Writers Needed for Christmas in Canada

From Janet Matthews

Canadian Co-author of
Chicken Soup for the Canadian Soul

We need your stories for a brand new Canadian title…

Chicken Soup for the Soul
Christmas in Canada!

101 Stories about the Joy and Wonder of the Holidays, Canadian Style!

I’m very excited to let you, as writers, know about this great opportunity to get published. I’m hoping you will forward it to your members, include it in your newsletter, and/or post it on your website. Here’s why:
In October we released O Canada The Wonders of Winter,and the publisher was so pleased they’ve asked us to create another Canadian title for Christmas 2014! We received submissions from writers across Canada that belong to groups like this, and many of them were published!

We need true, dramatic stories, 1200 words or less, that take place at Christmas time in Canada. (Yes, you get paid!) Here are just some examples of topics:
• Festivals of lights, Hanukkah, Boxing Day, New Year’s and other holiday traditions and events that come with a great story
• Creches, passion plays and church events
• The fun – or challenges – of winter weather at Christmas
• Adapting your celebration when the weather gets in the way (like the 2013 ice storms – we KNOW there are some great stories out there – do you have one?)
• The tree… and other decorating traditions
• Love and Romance at Christmas
• Acts of kindness and generosity – in the true spirit of Christmas
• Hockey!…and all winter sports at Christmas
• Family ties and reunions, children, and friends old and new
• Heroes in our midst – at Christmas
• Neighbours and Community, and Christmas in Canada for new Canadians
• Animals at Christmas
• Family lore – those stories you tell over and over again!
• Christmas in the north – First Nation stories

Our publication date is October 2014, so the deadline for stories is May 30th.
For full writers guidelines and how to submit your story, visit my website, www.janetmatthews.ca or www.canadiansoul.com.

I wish you great success, and I really hope to hear from you!

Love to you,
Janet Matthews
Co-author of
Chicken Soup for the Canadian Soul &
Chicken Soup for the Soul O Canada
The Wonders of Winter
PS: One more thing. It would be so great if you could pass this message along to your friends and family and other writers…who may have a story! EVERY bit of help is really appreciated!

Canada Press is looking for Foodies

Found on Craiglist (Toronto). No pay for the work, but if you ever wanted to be a restaurant reviewer this would be start or a chance to try it out.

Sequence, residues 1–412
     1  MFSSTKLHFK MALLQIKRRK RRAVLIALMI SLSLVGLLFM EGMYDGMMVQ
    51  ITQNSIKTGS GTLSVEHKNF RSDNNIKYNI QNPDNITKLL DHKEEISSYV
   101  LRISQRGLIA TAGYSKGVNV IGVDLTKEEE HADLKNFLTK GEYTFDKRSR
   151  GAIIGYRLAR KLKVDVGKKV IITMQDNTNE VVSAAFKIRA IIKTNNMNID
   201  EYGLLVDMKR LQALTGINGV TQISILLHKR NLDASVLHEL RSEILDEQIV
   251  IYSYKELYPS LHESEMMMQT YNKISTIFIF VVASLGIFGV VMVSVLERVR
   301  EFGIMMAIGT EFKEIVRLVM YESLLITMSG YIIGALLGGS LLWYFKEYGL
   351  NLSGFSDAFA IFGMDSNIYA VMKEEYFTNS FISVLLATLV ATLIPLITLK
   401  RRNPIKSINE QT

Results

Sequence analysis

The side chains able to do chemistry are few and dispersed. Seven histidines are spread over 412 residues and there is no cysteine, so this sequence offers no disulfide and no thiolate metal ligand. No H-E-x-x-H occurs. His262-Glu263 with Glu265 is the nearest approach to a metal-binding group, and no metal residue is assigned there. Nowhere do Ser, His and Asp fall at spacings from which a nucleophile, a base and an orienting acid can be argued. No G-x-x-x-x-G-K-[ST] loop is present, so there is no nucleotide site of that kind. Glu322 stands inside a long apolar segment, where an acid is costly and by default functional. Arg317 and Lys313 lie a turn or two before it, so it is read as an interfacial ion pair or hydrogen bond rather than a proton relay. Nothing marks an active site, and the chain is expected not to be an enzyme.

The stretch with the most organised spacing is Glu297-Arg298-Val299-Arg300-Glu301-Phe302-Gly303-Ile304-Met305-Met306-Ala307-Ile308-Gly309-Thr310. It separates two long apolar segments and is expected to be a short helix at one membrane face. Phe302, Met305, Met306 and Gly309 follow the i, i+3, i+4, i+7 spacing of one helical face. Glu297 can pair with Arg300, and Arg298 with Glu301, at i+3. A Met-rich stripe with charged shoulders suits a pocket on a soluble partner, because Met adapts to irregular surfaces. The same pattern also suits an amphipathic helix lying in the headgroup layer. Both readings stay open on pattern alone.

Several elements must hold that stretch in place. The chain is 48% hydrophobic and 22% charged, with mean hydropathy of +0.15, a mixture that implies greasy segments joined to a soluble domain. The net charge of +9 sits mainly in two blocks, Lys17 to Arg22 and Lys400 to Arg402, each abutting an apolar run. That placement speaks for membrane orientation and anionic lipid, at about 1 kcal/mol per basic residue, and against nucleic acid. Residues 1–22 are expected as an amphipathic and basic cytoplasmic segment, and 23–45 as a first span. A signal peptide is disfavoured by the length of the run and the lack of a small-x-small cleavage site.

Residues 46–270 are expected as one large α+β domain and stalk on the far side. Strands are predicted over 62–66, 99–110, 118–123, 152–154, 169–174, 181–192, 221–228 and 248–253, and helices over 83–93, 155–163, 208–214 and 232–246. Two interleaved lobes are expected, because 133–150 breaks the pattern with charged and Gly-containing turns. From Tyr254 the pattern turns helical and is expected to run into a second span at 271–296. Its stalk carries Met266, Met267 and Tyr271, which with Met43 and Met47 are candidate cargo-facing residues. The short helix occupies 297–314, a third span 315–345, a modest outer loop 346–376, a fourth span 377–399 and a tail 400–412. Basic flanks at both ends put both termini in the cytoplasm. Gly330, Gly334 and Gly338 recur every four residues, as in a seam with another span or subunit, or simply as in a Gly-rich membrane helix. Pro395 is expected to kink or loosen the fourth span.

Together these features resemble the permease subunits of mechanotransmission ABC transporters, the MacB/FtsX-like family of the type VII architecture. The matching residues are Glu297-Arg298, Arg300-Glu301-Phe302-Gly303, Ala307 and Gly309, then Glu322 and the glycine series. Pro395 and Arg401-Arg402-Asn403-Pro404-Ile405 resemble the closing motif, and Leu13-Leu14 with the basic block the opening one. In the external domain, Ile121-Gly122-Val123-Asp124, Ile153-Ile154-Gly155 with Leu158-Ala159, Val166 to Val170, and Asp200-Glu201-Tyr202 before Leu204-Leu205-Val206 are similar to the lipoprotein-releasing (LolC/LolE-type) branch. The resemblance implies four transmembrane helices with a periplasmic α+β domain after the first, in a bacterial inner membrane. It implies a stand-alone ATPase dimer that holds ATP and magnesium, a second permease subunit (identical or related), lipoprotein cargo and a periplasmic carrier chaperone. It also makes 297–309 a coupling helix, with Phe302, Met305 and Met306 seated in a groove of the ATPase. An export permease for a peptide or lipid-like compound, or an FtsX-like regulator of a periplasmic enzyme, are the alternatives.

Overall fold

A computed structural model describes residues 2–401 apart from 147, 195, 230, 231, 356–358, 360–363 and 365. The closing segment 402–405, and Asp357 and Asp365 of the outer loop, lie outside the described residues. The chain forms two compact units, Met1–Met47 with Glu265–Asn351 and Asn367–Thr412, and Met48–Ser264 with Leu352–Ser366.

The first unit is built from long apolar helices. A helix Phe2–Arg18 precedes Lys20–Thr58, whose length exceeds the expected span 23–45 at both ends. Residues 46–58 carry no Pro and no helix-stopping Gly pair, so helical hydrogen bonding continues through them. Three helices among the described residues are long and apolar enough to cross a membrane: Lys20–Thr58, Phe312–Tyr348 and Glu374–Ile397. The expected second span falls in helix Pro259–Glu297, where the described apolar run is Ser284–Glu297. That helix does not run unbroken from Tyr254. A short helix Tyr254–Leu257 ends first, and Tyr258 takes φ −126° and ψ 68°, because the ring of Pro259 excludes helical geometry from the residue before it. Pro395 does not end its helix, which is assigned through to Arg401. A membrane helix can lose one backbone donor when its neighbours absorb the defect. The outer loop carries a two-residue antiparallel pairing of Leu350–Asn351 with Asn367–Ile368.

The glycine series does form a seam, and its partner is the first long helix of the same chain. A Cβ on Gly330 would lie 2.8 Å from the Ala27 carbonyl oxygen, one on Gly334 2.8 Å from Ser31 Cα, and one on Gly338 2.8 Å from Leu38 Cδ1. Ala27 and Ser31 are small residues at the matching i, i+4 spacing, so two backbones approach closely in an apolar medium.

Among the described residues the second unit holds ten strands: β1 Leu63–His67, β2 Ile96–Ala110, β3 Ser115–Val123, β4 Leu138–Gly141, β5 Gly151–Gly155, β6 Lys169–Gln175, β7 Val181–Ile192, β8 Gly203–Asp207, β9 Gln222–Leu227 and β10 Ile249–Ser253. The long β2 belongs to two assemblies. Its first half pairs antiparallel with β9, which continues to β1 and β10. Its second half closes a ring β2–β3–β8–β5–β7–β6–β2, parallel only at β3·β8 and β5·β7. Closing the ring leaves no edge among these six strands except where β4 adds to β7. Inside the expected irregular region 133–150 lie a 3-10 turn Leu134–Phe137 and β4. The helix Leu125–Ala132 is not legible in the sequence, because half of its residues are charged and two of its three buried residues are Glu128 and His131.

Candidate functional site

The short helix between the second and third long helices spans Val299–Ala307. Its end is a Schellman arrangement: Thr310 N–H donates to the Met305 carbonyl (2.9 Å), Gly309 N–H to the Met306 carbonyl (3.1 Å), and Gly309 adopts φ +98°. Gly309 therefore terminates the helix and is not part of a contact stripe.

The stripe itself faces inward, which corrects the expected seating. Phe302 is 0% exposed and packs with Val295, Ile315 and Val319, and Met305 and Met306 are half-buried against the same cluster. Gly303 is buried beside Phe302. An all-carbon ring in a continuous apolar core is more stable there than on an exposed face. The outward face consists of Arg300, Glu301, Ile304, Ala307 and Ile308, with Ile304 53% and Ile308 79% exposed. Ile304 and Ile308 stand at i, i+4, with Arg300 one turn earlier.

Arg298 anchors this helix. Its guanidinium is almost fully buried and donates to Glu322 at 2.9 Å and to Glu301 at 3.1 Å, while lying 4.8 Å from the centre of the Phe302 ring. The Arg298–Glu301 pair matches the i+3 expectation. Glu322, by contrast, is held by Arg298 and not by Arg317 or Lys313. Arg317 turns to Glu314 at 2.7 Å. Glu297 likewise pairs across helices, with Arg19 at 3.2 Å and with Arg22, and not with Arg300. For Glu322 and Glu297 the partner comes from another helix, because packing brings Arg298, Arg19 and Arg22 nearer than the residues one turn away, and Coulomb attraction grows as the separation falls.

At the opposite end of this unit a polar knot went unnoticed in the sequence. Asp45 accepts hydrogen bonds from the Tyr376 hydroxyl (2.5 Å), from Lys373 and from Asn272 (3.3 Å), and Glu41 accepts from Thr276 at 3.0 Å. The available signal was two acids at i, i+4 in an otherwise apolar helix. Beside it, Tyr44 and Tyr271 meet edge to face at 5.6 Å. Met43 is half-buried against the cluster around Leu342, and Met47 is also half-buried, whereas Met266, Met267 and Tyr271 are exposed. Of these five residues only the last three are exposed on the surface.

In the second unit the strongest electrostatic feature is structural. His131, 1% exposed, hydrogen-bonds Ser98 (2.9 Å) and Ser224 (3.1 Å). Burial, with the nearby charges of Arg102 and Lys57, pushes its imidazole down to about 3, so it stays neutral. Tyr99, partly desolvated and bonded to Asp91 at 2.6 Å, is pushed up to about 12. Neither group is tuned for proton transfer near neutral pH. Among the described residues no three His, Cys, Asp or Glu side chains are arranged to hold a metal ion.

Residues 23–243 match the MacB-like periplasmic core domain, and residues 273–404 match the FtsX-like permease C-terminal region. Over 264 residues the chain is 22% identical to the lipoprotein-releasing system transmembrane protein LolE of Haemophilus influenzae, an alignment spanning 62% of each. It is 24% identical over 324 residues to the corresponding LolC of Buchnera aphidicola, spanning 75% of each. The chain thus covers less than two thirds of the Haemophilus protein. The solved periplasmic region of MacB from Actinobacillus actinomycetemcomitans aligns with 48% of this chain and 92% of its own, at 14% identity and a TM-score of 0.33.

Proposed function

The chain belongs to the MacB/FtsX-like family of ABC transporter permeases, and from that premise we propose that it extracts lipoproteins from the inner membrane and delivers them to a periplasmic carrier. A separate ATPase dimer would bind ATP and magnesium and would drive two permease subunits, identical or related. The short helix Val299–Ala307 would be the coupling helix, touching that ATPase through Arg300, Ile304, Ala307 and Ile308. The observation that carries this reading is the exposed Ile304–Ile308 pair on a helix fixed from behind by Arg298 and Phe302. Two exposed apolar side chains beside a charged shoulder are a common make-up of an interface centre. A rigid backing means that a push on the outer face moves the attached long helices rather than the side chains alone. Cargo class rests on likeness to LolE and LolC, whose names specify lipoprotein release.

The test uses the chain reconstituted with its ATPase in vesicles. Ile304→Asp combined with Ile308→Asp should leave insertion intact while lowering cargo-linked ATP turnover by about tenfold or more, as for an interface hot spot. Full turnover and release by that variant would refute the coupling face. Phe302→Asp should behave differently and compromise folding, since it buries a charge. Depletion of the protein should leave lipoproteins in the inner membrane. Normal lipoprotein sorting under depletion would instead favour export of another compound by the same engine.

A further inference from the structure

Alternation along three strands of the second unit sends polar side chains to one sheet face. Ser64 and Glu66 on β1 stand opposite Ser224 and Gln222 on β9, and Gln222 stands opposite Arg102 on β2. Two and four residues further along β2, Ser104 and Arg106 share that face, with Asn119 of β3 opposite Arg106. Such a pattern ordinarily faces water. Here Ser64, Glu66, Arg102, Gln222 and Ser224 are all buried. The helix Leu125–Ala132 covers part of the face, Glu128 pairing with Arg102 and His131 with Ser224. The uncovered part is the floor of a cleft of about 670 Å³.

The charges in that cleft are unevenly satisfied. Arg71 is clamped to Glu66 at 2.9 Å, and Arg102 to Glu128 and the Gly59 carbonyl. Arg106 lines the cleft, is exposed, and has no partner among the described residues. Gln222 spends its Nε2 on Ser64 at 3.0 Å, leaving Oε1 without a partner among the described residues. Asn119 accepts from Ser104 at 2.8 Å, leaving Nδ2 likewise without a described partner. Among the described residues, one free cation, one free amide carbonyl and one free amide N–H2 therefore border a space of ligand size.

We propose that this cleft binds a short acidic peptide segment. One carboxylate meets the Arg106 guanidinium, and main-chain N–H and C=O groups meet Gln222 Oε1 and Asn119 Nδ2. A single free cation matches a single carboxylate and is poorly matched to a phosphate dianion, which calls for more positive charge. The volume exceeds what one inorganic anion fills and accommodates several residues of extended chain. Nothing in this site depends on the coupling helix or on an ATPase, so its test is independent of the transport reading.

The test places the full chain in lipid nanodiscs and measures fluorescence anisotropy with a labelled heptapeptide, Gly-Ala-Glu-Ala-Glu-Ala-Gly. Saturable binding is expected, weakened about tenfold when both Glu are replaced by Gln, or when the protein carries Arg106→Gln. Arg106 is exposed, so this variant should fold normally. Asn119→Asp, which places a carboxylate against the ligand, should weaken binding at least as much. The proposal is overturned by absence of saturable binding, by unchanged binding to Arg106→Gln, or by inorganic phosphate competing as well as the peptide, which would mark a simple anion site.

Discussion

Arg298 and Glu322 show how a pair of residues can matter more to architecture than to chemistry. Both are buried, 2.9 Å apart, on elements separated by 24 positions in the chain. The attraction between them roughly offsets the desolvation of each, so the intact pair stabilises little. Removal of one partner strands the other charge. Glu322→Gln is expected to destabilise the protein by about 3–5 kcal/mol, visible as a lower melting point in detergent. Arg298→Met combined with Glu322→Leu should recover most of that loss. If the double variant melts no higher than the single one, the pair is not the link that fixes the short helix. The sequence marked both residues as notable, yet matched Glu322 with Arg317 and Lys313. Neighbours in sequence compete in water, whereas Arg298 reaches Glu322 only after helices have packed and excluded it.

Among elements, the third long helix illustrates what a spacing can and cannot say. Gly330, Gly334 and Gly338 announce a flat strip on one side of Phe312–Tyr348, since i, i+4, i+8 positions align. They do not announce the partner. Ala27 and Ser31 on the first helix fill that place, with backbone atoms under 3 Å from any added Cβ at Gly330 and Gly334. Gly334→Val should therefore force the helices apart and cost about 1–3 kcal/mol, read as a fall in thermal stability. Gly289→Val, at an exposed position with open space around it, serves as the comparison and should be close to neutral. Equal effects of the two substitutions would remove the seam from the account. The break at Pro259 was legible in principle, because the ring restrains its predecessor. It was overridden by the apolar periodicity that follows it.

Canada Press is looking for Foodies to review restaurants (Toronto)

The Canada Press “Best of Toronto” awards are being compiled for a spring review of all the top restaurants in each respective cuisine category in Toronto.
Eat at Over 100+ of Toronto’s finest restaurants free of charge, and meet some of Toronto’s executive chefs.

Canadapress.org Food & Drink section is seeking people who:

– Are passionate about food.
– Well articulated and friendly.
– Wine + Beer knowledge a big plus.
– Live downtown or can get downtown with ease.
– Skilled writing required.
– Ability to interview owners/chefs a must.
We will have to issue you a press pass and get you the necessary documentation to record scores on food, service, atmosphere, etc.
Location: Toronto

What is a Vagabond?

vagabondHistorically, vagabonds were pretty tough, anti-establishment characters who lived as homeless drifters by choice. Modern vagabonds tend to be people who live off the grid or those who travel the world from out of a backpack.

Traditionally a vagabond is a person who wanders from one place to another, with no real home of their own. In modern culture this could be a homeless person or a street person. However, vagabonds aren’t the same as people who stay in a city (or any one place) and live there without having a typical home. Vagabonds are a subculture of their own making.

Some offbeat world travellers call themselves vagabonds. They travel the world, they travel as cheaply as they can (in order to keep travelling , they work here and there… but they do have a home to plan to return to once they finish travelling. The vagabond tourist is about seeing the world and stretching their resources for as long and as well as they can along the journey. Historically, vagabonds were more rebellious and travel was their way of avoiding putting down roots or really belonging or being found anywhere.

Vagabonds (tramps, hobos, or drifters) during the Great Depression lived a homeless lifestyle by choice. Often they were fugitives from the law or just avoided the law after having a few run ins with the police and/ or jail. My Grandfather was a drifter for awhile. He told me about some of his adventures. He said the tramps were dangerous and he learned to avoid them. Those men could be brutal and were living by taking what they could get.